Texas Higher Education Lacks Racial Diversity, Report Finds
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Society of American Law Teachers
José Roberto Juárez, Jr.
Equal Justice Society
Americans for a Fair Chance/Leadership Conference on Civil Rights Education Fund
A new report documents the continuing lack of racial and ethnic diversity at Texas A&M, the University of Texas at Austin, and within Texas law and medical schools, despite many energetic efforts to try race-neutral alternatives.
The report, titled “Blend It, Don’t End It: Affirmative Action and the Texas Ten Percent Plan After Grutter and Gratz,” is authored by the Mexican American Legal Defense and Educational Fund (MALDEF), Americans for a Fair Chance (a project of the Leadership Conference on Civil Rights Education Fund), the Equal Justice Society, and the Society of American Law Teachers (SALT). The authors of the report share an interest in aligning admissions criteria to the state’s goal of closing the racial and ethnic gaps in higher education so as to ensure all Texans are prepared to become qualified and active contributors to our economy.
Norma Cantú, professor of education and law at UT-Austin, former Assistant Secretary of Education for Civil Rights, and MALDEF Board Member, presented the report to the Texas Senate along with MALDEF attorney and Texas state policy analyst Luis Figueroa. Cantú argued, “The report illustrates that calls to terminate or cap the Ten Percent Plan would erode opportunities for many qualified disadvantaged students, and would undermine flagship universities’ accountability to serve all sectors of Texas.”
MALDEF regional counsel Nina Perales commented on the continued need for affirmative action: “We urge Texas A&M officials to rethink their decision to reject using race as a plus factor in admissions.” She added, “A&M says it hopes to increase diversity with race-neutral outreach, but they have tried that approach for many years now and they are still running into a brick wall.” The report found that under the Ten Percent Plan, A&M enrollments for African Americans and Latinos in 2003 were still one-third lower than in 1995, before affirmative action was discontinued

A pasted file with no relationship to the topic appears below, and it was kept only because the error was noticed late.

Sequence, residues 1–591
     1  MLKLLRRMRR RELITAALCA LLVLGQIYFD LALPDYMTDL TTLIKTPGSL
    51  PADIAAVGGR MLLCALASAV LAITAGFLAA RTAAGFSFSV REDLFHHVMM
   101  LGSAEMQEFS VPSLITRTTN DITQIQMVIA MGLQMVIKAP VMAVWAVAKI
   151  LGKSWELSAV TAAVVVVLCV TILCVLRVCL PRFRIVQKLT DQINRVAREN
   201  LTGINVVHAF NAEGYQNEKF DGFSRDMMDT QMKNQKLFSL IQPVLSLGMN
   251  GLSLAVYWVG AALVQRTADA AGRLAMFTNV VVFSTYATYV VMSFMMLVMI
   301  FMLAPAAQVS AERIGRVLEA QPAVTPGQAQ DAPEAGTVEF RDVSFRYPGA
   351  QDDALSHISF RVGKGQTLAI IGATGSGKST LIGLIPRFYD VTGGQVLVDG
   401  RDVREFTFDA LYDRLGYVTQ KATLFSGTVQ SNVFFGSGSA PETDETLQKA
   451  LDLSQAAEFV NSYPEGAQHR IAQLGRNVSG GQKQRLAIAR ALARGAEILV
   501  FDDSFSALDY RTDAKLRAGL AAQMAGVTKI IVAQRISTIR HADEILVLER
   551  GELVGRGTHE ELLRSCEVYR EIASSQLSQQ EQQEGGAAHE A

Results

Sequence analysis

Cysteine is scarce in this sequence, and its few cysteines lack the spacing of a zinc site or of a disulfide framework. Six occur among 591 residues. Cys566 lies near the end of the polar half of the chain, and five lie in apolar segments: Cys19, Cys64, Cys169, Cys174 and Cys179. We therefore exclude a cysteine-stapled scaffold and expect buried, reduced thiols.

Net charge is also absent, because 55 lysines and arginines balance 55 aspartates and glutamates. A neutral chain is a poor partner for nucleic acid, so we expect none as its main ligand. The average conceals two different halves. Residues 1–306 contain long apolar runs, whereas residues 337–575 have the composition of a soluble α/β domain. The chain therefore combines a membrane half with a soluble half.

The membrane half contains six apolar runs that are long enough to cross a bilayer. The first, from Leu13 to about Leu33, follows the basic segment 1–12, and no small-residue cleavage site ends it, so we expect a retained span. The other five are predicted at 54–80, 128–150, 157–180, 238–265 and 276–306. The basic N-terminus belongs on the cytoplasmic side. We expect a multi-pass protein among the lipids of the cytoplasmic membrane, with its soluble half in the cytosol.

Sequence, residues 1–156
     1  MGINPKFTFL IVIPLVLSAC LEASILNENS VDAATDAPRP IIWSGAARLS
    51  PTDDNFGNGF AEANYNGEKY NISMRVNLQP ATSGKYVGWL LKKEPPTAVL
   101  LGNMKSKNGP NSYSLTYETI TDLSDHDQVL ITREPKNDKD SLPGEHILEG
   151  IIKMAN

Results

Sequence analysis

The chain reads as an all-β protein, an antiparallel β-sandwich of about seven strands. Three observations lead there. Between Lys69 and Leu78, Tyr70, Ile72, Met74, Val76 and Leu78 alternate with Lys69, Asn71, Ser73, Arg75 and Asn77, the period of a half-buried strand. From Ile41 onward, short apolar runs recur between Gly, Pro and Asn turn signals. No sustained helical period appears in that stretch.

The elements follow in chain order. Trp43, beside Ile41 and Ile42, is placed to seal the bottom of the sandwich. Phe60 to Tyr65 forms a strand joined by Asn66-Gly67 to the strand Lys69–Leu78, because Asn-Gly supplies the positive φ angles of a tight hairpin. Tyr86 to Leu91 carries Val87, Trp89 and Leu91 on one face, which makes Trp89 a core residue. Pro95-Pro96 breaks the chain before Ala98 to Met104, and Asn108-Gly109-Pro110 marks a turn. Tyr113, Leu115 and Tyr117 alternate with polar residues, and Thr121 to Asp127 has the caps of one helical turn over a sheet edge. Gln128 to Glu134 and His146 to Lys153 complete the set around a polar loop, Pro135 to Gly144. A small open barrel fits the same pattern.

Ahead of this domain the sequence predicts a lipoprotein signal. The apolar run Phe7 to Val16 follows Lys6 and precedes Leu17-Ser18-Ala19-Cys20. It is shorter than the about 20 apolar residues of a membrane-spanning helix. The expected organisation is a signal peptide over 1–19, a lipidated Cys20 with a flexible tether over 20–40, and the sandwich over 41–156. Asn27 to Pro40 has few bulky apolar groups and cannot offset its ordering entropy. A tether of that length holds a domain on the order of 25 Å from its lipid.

SALT co-president and St. Mary’s law professor José (Beto) Juárez stated, “The Supreme Court’s recent Grutter v. Bollinger ruling recognizes that student diversity creates educational benefits that ‘are not theoretical but real.'” Juárez explained, “This report is needed because universities in Texas must rigorously evaluate the effectiveness of their previous race-neutral policies before restarting affirmative action programs.”
Michael A. Olivas, a law professor at the University of Houston and co-author of the Ten Percent Plan legislation, said, “I believe that ‘blend it, don’t end it’ is a wise approach, surely preferable to the Texas A&M approach, which declined to employ Grutter and originally included the Aggie Legacy points until they were embarrassed into ending the point system. Texas colleges need to build on the Ten Percent Plan’s contribution to socioeconomic and geographic diversity at the flagship universities.”
Olivas added, “At the same time, it is also clear that much more needs to be done to increase racial diversity, especially in Texas professional schools and graduate programs.” For example, only 3.3% of Texas medical degrees went to African Americans, less than half of the national average. Without affirmative action at the UT Law School (1997-2003), African American enrollments dropped by nearly three-fifths compared to 1990-95, and Mexican American enrollments dropped by over one-quarter.
Wade Henderson, General Counsel for the Leadership Conference on Civil Rights Education Fund stated, “Affirmative action continues to be an essential tool to give qualified individuals equal access to opportunities in higher education. The Leadership Conference on Civil Rights Education Fund, through the Americans for a Fair Chance project, will continue to work with Texas institutions of higher education as they strive to advance equal opportunity for all students.”
William Kidder of the Equal Justice Society explained, “Our findings challenge the unwarranted claims by the Bush Administration’s Department of Education, which appears determined to scare universities away from constitutionally permissible forms of affirmative action regardless of the evidence.”
The “Blend It, Don’t End It” report may be downloaded at the following websites: